It seemed possible that the same computer algorithms that had generated this email had also generated the astrologer herself: her phrases were too characterful, and the note of character was repeated too often; she was too obviously based on a human type to be, herself, human. As a result her sympathy and concern were slightly sinister; yet for those same reasons they also seemed impartial. A friend of mine, depressed in the wake of his divorce, had recently admitted that he often felt moved to tears by the concern for his health and well-being expressed in the phraseology of adverts and food packaging, and by the automated voices on trains and buses, apparently anxious that he might miss his stop; he actually felt something akin to love, he said, for the female voice that guided him while he was driving his car, so much more devotedly than his wife ever had. There has been a great harvest, he said, of language and information from life, and it may have become the case that the faux-human was growing more substantial and more relational than the original, that there was more tenderness to be had from a machine than from one's fellow man. After all, the mechanised interface was the distillation not of one human but of many. Many astrologers had had to live, in other words, for this one example to have been created. What was soothing, he believed, was the very fact that this oceanic chorus was affixed in no one person, that it seemed to come from everywhere and nowhere: he recognised that a lot of people found this idea maddening, but for him the erosion of individuality was also the erosion of the power to hurt.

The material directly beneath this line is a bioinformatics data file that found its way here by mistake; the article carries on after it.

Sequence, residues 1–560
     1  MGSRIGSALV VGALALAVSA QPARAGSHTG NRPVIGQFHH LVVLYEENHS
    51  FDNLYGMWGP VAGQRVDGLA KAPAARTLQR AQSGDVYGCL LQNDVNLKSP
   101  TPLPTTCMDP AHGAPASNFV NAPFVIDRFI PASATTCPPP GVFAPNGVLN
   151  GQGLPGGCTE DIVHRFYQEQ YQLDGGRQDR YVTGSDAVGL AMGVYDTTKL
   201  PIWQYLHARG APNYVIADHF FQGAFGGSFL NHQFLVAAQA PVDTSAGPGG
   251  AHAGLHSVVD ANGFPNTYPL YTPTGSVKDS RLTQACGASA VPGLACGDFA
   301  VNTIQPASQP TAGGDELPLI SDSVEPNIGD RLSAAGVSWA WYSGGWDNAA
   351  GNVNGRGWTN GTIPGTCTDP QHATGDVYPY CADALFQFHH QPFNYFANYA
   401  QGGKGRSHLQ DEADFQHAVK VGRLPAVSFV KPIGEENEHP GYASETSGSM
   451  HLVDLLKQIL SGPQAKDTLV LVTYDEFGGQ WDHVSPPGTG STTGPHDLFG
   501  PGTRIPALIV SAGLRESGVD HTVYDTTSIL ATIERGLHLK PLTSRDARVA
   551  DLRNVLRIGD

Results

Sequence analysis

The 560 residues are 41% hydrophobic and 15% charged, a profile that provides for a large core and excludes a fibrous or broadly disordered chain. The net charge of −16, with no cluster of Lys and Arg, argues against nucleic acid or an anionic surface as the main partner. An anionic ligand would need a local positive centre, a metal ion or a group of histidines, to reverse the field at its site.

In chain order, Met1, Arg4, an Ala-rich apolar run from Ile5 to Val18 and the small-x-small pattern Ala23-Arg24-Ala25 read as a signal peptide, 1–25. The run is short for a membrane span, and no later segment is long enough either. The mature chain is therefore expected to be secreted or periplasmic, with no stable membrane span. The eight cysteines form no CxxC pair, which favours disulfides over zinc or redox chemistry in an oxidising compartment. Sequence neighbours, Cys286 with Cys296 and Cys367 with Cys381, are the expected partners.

It was this same friend – a writer – who had advised me, back in the spring, that if I was moving to London with limited funds, it was better to buy a bad house in a good street than a good house somewhere bad. Only the very lucky and the very unlucky, he said, get an unmixed fate: the rest of us have to choose. The estate agent had been surprised that I adhered to this piece of wisdom, if wisdom it was. In his experience, he said, creative people valued the advantages of light and space over those of location. They tended to look for the potential in things, where most people sought the safety of conformity, of what had already been realised to the maximum, properties whose allure was merely the sum of exhausted possibilities, to which nothing further could be added. The irony, he said, was that such people, while afraid of being original, were also obsessed with originality. His clients went into ecstasies over the merest hint of a period feature: well, move out of the centre a little and you could have those in abundance for a fraction of the cost. It was a mystery to him, he said, why people continued to buy in over-inflated parts of the city when there were bargains to be had in up-and-coming areas. He supposed at the heart of it was their lack of imagination. Currently we were at the top of the market, he said: this situation, far from discouraging buyers, seemed actually to inflame them. He was witnessing scenes of outright pandemonium on a daily basis, his office stampeded with people elbowing one another aside to pay too much for too little as though their lives depended on it. He had conducted viewings where fights had broken out, presided over bidding wars of unprecedented aggression, had even been offered bribes for preferential treatment; all, he said, for properties that, looked at in the cold light of day, were unexceptional. What was striking was the genuine desperation of these people, once they were in the throes of desire: they would phone him hourly for updates, or call in at the office for no reason; they begged, and sometimes even wept; they were angry one minute and penitent the next, often regaling him with long confessions concerning their personal circumstances. He would have pitied them, were it not for the fact that they invariably erased the drama from their minds the instant it was over and the purchase completed, shedding not only the memory of their own conduct but also of the people who had had to put up with it. He had had clients who had shared the most gruesome intimacies with him one week and then walked past him in the street the next without the slightest sign of recognition; he had seen couples who had sunk to the depths before his eyes, now going obliviously about their business in the neighbourhood. Only in the very completeness of their oblivion did he sometimes detect a hint of shame. In the early days of his career he had found such incidents upsetting, but luckily experience had taught him not to take it to heart. He understood that for them he was a figure conjured out of the red mist of their desire, an object, so to speak, of transference. Yet the desire itself continued to bewilder him. Sometimes he concluded that people only want what it is not certain they can have; at other times it seemed to him more complex. Frequently, his clients would admit to feeling relief that their desire had been thwarted: the same people who had stormed and wept like frustrated children because a property was being denied them, would be found days later sitting calmly in his office, expressing gratitude for the fact that they hadn't got it. They could see now that it would have been completely wrong for them; they wanted to know what else he had on his books. For most people, he said, finding and procuring a home was an intensely active state; and activity entails a certain blindness, the blindness of fixation. Only when their will has been exhausted do the majority of people recognise the decree of fate.